DMA insights from the sharp end are crucial if the industry is going to meet what is the most ambitious leakage control programme set in decades. “Success will require just this type of digitally-enabled network management,” Mike said.
The starting point is the integration of multiple in-house and customer systems to collect the data required. The sensor and network data is then brought together in one, seamless platform.
Using 12 key network parameters, lagging/leading and supporting features are brought together in concert to create a DMA Health Index score through our SERENE™ product. This provides a unique network view on how a DMA is performing towards key regulatory targets, based on a narrative of real-time measured network behaviour.
The resulting DMA Health Index – offering multiple, scenario based assessments – provides the mechanism by which water companies better understand how and where investment can be targeted most effectively to reduce leakage.
Mike said: “SERENE™, and the relationship with Black & Veatch, is just one example of what arboricity™ can do – it can and will go much further.”
“We are actively integrating with other platforms such as hydraulic modelling systems and thereby building on its versatility.” Mike acknowledges there are many software packages for hydraulic modelling in existence, but they all require data to be provided by the utilities to be of true value. This is governed by the accuracy, resolution and timeliness of such data, as well as the standard of the calibration process used.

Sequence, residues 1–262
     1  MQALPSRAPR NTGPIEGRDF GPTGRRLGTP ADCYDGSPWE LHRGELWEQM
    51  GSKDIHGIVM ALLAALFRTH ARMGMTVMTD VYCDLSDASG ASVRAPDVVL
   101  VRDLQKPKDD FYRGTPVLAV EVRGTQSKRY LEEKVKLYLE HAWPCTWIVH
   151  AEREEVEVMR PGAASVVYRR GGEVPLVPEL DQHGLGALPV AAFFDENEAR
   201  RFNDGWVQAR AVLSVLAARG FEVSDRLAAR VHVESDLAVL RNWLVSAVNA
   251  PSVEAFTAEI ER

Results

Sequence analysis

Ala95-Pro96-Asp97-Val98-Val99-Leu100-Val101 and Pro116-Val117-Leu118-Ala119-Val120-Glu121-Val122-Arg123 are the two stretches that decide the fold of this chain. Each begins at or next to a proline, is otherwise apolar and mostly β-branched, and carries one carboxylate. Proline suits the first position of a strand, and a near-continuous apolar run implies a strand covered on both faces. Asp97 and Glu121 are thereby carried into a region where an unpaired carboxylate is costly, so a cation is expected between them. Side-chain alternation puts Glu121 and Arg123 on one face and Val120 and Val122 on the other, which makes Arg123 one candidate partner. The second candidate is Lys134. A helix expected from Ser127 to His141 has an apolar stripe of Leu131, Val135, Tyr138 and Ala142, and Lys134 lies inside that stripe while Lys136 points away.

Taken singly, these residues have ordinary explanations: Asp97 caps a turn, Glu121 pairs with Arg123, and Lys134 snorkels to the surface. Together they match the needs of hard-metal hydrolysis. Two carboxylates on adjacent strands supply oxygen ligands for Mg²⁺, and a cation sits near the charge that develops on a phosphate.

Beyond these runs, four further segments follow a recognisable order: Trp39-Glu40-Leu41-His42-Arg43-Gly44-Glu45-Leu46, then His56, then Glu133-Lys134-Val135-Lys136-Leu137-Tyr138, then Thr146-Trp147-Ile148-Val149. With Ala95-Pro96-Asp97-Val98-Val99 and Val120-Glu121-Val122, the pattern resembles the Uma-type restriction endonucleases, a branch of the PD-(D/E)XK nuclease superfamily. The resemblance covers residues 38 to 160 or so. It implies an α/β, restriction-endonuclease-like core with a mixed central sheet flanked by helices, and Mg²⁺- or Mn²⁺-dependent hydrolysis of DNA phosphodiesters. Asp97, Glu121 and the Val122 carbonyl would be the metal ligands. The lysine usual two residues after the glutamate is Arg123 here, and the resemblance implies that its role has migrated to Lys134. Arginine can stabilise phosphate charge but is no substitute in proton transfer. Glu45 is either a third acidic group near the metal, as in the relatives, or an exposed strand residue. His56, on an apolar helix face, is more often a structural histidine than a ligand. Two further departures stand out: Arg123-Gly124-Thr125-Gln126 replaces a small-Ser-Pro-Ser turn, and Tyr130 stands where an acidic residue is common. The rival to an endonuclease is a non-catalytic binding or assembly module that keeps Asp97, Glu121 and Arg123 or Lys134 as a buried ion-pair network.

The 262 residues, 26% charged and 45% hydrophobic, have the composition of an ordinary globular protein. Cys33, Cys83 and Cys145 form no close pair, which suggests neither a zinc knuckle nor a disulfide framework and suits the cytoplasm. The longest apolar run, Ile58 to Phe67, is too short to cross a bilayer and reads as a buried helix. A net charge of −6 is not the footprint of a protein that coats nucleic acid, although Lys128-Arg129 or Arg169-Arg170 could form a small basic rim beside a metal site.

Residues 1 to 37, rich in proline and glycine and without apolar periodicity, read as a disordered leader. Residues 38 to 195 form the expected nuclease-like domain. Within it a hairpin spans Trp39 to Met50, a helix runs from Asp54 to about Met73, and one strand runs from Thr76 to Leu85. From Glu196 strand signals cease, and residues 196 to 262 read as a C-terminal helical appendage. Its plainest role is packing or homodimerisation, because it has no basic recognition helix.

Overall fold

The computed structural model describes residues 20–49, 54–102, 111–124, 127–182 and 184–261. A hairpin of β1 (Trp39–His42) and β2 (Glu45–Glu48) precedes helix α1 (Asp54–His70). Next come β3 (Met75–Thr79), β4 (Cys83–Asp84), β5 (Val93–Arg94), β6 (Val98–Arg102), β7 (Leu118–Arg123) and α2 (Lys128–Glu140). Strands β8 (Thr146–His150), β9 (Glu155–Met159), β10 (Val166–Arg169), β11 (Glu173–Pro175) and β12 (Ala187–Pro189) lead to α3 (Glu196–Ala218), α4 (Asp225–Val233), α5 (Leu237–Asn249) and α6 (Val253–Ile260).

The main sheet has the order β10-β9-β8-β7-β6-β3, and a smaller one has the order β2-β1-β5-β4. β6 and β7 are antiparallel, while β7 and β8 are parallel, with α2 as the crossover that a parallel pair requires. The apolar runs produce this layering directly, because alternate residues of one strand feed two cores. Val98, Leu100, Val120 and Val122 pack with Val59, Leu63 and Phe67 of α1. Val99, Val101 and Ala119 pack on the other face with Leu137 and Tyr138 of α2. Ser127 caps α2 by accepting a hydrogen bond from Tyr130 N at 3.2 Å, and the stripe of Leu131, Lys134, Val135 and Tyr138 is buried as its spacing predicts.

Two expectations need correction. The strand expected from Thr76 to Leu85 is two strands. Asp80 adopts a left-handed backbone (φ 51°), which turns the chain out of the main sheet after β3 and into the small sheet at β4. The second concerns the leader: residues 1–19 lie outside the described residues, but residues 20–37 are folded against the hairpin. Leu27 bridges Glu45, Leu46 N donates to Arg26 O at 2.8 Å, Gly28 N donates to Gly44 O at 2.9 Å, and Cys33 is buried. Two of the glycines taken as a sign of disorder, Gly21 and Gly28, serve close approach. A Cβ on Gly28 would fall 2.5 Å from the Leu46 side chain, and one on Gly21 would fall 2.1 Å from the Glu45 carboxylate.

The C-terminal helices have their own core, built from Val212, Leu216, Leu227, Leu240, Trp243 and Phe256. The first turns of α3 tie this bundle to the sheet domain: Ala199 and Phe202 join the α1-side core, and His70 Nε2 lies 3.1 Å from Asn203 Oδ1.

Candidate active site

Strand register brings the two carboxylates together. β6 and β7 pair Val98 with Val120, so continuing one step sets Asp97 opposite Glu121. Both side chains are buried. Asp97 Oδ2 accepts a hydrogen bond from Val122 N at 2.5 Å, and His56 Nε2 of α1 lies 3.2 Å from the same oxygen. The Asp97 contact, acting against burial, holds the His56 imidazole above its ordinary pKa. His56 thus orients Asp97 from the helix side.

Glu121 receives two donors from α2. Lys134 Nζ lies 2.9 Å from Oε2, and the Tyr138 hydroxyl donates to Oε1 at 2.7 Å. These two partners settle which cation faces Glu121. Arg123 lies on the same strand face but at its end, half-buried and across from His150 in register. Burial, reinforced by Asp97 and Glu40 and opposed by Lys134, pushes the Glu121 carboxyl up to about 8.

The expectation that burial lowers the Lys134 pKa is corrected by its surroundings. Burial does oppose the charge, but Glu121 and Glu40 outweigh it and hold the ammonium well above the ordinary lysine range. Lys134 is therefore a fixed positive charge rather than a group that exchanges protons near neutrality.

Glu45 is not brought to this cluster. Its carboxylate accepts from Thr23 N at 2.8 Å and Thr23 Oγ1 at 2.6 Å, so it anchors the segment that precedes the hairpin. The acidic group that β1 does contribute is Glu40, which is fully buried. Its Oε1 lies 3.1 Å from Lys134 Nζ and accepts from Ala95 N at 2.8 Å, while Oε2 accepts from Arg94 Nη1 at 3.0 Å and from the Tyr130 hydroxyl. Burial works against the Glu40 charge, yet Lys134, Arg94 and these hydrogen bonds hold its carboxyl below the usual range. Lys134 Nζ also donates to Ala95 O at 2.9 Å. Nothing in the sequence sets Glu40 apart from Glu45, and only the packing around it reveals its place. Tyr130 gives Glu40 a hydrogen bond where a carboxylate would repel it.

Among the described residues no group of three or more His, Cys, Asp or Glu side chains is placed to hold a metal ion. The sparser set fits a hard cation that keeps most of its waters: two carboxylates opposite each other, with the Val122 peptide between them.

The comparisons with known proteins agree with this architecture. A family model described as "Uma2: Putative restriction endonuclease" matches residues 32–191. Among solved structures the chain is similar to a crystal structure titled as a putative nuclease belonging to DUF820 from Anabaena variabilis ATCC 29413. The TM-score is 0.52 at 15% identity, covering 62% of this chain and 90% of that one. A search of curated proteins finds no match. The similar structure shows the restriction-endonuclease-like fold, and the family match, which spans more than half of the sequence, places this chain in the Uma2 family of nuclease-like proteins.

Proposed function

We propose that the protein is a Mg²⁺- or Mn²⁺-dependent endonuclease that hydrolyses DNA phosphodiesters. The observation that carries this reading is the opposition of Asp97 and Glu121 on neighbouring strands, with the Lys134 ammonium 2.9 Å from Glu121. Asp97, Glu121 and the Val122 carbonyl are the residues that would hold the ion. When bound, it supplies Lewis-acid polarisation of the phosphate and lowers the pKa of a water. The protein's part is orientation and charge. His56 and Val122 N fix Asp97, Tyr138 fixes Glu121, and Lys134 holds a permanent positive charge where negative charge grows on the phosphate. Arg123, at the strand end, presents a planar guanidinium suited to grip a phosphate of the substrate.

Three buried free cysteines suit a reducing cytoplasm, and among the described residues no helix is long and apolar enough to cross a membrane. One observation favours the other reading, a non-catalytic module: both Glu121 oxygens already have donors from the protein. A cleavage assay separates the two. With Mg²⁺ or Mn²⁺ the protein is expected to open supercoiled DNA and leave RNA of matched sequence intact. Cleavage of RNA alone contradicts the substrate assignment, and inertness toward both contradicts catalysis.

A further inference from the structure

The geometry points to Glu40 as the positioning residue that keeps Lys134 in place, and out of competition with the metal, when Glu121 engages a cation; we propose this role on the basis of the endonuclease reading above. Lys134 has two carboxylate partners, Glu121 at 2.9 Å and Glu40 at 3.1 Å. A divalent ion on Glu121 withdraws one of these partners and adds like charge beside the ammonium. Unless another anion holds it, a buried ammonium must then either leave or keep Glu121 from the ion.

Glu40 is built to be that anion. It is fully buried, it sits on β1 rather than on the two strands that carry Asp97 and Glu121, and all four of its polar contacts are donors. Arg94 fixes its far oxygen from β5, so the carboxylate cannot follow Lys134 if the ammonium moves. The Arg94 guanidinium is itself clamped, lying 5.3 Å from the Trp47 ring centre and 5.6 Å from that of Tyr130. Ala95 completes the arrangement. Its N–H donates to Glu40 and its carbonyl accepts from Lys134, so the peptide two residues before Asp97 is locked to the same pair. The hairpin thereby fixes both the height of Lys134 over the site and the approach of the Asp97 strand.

The calibration of hydraulic models is typically something of a ‘dark art’, carried out by consultants with little reference to external validation. As a consequence, it often delivers results of minimal value to network operators, despite having significant associated costs.
Furthermore, hydraulic models tend to be deprived of regular maintenance and as such, their operational value depreciates rapidly.
Inflowmatix has solved these critical constraints with a proprietary ‘model calibrate and maintain’ process that involves making the initial model calibration a low-cost deterministic process.
It does this by combining the high spatial and temporal resolution data acquired by InflowSense™ with robust mathematical optimisation methods and analytics delivered by arboricity™, and then both automatically and recurrently maintaining the model’s performance and accuracy.
All of the Inflowmatix technologies are tailored to one end, said Robin. “Ever greater pressure is being placed on the water industry. Ofwat as a regulator has been very incisive in its approach to improving the customer experience not only in terms of reducing leakage by at least 16% through the Asset Management Plan (AMP period 7 – 2020 to 2025), but additionally demanding resilience of supply whilst reducing customer bills.
Mike summarises: “The Ofwat drive is in many ways leading the world – a good example of the regulator taking a focused and proactive approach to improving our use of water.”
“Our role here is to help operators build confidence in their network and support the industry in meeting its challenging targets.”
Read the full article online: https://t.co/HpKcoibMpL